April 25, 2008 / 1:32 AM / in 10 years

Retail sales slip but spending seen solid

OTTAWA (Reuters) - Retail sales unexpectedly fell 0.7 percent in February, the first decline in five months and a sign that consumer spending may be losing some of its spunk as the world and domestic economies slow.

<p>A customer browses jewelry inside the Hudson's Bay Company's flagship Toronto store October 28, 2005. REUTERS/J.P. Moczulski</p>

Statistics Canada said on Wednesday the weakness was spread across all types of stores after a 1.4 percent jump in retail sales in January.

Analysts surveyed by Reuters had forecast, on average, that sales would inch 0.1 percent higher.

But economists noted that sales were simply returning to normal levels after two months of hefty gains.

“We still think that consumer spending in Canada is on solid footing,” said Jacqui Douglas, economics strategist at TD Securities.

“Even if March sales come in flat, real retail sales are still on pace for a perfectly healthy 4.6 percent annualized gain in the first quarter.”

Sales grew 5.7 percent in the year to February.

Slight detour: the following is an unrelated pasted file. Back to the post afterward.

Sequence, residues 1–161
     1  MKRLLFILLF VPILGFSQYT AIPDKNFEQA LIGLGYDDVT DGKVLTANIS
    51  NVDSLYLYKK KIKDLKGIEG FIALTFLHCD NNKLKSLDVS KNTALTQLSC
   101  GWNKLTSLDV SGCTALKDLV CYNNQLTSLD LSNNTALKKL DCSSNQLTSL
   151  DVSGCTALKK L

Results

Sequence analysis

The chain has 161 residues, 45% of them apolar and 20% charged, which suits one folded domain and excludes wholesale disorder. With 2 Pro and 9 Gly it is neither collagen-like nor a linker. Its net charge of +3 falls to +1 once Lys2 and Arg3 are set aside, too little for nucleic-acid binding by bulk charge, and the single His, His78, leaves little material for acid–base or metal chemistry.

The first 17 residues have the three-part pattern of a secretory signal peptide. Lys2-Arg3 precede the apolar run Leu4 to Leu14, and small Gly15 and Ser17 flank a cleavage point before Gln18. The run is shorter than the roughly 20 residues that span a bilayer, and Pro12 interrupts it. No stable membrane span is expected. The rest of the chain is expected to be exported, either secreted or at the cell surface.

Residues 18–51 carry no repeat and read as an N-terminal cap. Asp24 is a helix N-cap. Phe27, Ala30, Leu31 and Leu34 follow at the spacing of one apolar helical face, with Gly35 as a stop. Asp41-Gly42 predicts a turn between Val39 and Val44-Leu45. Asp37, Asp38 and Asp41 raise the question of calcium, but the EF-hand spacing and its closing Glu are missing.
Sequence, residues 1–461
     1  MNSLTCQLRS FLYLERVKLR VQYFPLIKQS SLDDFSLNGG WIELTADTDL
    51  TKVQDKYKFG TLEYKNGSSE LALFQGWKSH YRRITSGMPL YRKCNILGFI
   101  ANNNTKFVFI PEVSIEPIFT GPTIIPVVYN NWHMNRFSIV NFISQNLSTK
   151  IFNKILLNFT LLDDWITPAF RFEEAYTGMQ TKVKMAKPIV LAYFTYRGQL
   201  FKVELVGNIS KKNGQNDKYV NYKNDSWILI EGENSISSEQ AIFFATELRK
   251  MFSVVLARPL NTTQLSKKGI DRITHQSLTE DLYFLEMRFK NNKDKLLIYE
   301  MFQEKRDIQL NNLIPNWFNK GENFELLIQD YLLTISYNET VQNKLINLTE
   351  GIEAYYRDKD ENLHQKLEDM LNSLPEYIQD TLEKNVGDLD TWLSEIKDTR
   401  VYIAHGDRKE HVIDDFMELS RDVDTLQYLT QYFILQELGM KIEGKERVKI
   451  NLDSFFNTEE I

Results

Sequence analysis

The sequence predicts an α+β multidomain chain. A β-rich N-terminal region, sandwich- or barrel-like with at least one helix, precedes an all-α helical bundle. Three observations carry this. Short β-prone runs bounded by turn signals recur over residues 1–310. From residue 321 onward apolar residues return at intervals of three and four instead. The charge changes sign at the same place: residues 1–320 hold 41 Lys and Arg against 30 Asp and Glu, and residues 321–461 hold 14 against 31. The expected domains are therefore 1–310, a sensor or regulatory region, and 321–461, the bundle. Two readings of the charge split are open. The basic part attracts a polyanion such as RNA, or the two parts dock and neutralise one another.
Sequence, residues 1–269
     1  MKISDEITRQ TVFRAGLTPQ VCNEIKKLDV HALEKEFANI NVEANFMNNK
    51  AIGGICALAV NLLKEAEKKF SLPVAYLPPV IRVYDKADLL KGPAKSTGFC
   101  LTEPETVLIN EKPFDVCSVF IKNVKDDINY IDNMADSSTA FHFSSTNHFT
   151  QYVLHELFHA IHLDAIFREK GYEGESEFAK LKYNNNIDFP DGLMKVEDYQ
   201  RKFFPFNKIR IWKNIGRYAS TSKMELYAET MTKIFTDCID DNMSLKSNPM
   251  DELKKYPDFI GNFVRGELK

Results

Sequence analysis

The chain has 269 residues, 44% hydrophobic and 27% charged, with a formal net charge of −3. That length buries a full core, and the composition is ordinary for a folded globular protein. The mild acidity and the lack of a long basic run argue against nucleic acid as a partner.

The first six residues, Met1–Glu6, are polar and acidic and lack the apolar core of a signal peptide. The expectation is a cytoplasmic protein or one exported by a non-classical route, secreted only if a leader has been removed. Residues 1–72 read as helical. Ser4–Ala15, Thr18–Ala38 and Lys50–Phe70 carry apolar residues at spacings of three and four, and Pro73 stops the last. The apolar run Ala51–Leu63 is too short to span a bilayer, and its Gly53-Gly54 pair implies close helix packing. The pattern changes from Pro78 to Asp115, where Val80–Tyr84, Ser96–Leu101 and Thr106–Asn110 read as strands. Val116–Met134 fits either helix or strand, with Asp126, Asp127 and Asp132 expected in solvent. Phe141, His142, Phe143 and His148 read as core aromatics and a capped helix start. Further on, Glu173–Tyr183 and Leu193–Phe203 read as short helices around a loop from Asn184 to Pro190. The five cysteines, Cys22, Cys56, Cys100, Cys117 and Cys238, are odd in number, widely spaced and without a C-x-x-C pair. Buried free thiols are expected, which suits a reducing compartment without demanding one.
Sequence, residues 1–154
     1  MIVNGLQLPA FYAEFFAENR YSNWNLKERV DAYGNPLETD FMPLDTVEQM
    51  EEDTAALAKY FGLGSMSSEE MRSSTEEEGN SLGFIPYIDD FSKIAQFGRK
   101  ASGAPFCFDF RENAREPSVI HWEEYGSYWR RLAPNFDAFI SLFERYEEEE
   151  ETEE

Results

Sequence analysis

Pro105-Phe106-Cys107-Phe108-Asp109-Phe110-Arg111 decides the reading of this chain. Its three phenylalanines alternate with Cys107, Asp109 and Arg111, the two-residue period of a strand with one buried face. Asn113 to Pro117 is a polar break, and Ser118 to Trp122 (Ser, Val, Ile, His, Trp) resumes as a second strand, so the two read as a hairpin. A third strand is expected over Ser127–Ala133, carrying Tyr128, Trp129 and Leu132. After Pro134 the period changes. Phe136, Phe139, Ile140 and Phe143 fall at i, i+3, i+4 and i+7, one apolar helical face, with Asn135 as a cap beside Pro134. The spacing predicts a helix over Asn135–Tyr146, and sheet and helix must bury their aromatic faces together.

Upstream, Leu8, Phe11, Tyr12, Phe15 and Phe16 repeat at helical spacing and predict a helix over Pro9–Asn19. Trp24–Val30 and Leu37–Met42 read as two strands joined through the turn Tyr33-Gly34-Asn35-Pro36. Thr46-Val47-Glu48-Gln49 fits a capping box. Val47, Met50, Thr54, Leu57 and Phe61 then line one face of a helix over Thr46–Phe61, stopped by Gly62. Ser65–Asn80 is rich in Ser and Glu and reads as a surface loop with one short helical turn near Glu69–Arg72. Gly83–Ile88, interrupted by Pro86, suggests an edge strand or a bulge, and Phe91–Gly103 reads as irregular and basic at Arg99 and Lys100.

The Bank of Canada said on Tuesday it expects consumer spending to moderate this year, given the uncertainty caused by the U.S. economic storm. The bank slashed its key overnight interest rate by a half-point to 3 percent as it continued the most aggressive round of monetary easing since late 2001.

Still, the latest retail sales figures are unlikely to alter the market consensus for first-quarter growth of 0.9 percent annualized. And with employment levels soaring and wages going up, Canadians have plenty of reason to spend.

“While the doom and gloomers will jump all over this one-month slide ... spending fundamentals remain sound in Canada and confidence is holding up relatively well,” said Doug Porter, deputy chief economist at BMO Capital Markets.

The median forecast in a Reuters poll of 25 analysts was for growth to slow to 0.8 percent in the second quarter before recovering to 2.2 percent in the fourth quarter.

The automotive and clothing sectors suffered the biggest monthly drops in February, falling 1.3 percent and 1 percent respectively from January, according to seasonally adjusted figures.

Excluding the heavyweight auto sector -- which accounts for about a third of all retail deals -- sales slipped 0.3 percent in February compared with market expectations of a 0.4 percent gain. The volume of overall sales fell 0.7 percent.

New car deals were 1.7 percent lower while sales of used and recreational vehicles and parts fell 2.8 percent, the biggest drop since last June.

Editing by Janet Guttsman

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